Contribution of market timing

Return and risk:

For this strategy on this time interval, the market timing rule has little influence on the annualized return (14.3% to 15.2%), but reduces the drawdown from -40.1% to -14.3%, and the standard deviation from 19.8% to 13.6%.

Lost dividends:

The cumulative time out of the market is two years, and the longest period is 14 months. Taking an average yield of 4.5%, the missed dividends represent a loss of 9.2% on the total return, or 0.9% annualized. The global performance already discounts it: the annualized return is slightly higher, despite lost dividends.

Transaction costs:

When a market timing signal occurs, the ten stocks are sold or bought together. The portfolio went to cash five times in ten years. The "timing" turn-over is 4% a month and the "normal" turn-over is 10% (a stock permutation in a month on average). Therefore, market timing adds 40% to transaction costs. Once again, the global performance already discounts it.

Possible leveraging:

A low drawdown is a solicitation to leverage. The next table gives the results with a 1.5 factor and a carry cost of 2%.

10y. starting 8/21/2003

CAGR

Risk (STD)

Max Drawdown

Sortino Ratio

Strategy without MT

14.3%

19.8%

-40.1%

0.7

Strategy with MT x1.5

25.1%

20.5%

-21.1%

1.32

The risk is almost the same as without timing, for an additional annualized gain of 11% and a maximum drawdown divided by two.

The main advantage of market timing is not a higher return, but a lower volatility and drawdown. It gives the choice either to take less risk, or to leverage and gain more with the same volatility and a safer drawdown.

And with another strategy?

I wanted this demonstration bias-free and as simple as possible. I use more complicated strategies and timing rules on S&P 500 and Russell 2000 companies. If you want to back test the same timing indicator on your own strategy or portfolio, all signals for 10 years are in the following table (starting date: 8/21/2003). Remember that calculating the risk is as important as the return. Feel free to share your results in a comment.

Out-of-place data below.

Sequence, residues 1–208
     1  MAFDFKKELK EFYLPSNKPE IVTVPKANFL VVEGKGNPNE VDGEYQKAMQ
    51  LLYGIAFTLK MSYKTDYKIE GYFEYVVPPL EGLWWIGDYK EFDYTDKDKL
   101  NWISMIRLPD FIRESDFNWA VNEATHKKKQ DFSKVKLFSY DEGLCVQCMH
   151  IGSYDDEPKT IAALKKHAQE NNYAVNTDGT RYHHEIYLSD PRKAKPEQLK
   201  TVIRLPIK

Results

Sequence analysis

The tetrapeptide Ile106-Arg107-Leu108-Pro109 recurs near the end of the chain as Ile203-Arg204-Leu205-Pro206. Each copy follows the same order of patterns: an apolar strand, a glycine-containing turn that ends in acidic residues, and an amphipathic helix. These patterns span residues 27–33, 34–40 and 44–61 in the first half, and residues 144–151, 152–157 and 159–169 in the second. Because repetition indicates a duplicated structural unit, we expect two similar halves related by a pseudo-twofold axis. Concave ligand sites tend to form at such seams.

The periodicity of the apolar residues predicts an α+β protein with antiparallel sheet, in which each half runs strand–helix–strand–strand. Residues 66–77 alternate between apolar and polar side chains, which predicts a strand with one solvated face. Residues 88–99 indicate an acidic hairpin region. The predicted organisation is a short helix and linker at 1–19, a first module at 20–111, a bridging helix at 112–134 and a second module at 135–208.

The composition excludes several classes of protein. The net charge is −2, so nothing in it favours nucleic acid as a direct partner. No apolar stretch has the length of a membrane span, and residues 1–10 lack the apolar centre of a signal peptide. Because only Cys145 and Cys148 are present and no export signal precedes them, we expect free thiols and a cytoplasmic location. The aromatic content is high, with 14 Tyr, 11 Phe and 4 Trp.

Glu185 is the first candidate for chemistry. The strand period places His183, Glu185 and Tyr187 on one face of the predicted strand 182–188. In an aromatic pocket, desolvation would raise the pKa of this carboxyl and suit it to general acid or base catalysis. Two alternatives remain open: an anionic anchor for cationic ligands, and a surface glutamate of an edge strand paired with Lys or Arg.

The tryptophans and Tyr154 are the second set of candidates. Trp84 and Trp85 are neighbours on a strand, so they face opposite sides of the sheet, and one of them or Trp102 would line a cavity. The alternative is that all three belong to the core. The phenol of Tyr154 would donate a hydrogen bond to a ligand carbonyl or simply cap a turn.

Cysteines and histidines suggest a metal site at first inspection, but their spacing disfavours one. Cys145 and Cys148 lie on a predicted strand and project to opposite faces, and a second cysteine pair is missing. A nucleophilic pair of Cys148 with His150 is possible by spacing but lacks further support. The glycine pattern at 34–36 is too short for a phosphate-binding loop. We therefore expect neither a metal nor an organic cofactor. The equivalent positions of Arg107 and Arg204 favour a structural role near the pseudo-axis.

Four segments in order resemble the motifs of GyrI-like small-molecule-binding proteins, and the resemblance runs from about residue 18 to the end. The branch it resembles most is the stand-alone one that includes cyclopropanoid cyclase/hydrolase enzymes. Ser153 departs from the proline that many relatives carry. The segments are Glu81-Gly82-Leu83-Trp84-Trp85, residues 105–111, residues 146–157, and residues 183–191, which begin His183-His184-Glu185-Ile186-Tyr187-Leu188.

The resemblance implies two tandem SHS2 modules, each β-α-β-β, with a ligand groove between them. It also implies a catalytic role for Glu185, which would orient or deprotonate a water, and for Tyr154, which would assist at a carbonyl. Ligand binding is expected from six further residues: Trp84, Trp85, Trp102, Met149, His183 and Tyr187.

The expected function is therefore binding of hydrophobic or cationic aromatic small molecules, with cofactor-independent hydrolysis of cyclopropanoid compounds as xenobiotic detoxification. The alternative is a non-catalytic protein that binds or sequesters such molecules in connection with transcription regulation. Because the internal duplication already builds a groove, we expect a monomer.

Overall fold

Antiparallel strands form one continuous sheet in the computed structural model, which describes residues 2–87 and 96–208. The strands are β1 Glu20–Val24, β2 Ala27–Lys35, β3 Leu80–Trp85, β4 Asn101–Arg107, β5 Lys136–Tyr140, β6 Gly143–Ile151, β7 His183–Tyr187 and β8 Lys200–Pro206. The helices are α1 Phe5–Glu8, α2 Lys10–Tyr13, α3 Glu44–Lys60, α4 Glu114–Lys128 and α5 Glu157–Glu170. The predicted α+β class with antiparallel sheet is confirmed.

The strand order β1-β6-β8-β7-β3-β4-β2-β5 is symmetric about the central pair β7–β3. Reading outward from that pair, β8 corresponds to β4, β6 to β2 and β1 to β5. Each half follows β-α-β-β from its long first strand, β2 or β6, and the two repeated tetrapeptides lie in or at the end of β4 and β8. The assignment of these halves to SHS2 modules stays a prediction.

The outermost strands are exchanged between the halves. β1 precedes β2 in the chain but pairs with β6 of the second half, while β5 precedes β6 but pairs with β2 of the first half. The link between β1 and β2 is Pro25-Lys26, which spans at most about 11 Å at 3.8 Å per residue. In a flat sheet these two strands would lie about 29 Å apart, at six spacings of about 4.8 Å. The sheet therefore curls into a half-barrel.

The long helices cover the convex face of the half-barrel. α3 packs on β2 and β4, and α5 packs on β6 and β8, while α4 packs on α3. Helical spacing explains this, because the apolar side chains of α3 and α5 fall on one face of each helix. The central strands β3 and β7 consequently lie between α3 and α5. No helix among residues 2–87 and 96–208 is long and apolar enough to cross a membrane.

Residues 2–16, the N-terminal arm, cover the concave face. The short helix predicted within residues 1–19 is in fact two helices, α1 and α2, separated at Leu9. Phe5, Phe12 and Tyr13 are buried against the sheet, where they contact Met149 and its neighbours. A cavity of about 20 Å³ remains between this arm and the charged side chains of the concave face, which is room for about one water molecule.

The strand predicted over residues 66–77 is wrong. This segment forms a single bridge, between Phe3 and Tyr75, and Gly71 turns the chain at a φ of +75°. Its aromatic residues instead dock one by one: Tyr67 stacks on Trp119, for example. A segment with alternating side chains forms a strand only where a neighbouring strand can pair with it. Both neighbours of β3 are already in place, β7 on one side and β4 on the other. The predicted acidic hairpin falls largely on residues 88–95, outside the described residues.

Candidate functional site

Cash Period

Sell

Buy

1

11/5/2007

2/25/2008

2

5/19/2008

7/13/2009

3

11/28/2011

1/23/2012

4

6/11/2012

10/31/2012

5

5/13/2013

8/5/2013

Conclusion: it is safer, but not safe enough

Implementing a good dividend strategy and market timing is probably the safest way to invest in stocks. But it is dangerous to invest too much on a single rationale, even the best one. The usual disclaimer says: "past performance is not a guarantee for the future". It seems obvious because historical data are never enough to build a perfect mathematical model. In fact, the truth is worse: even a perfect mathematical model is not a guarantee. Gamblers call this phenomenon "bad luck", scientists call it "non-ergodicity" (explained here by Pr Ole Peters). The best way to avoid bad luck is combining strategies based on non-related rationales with an appropriate allocation vector. Readers wanting more details can find links to my book and website in my Seeking Alpha profile.

Source: How To Add 11% A Year To A Dividend Strategy For The Same Risk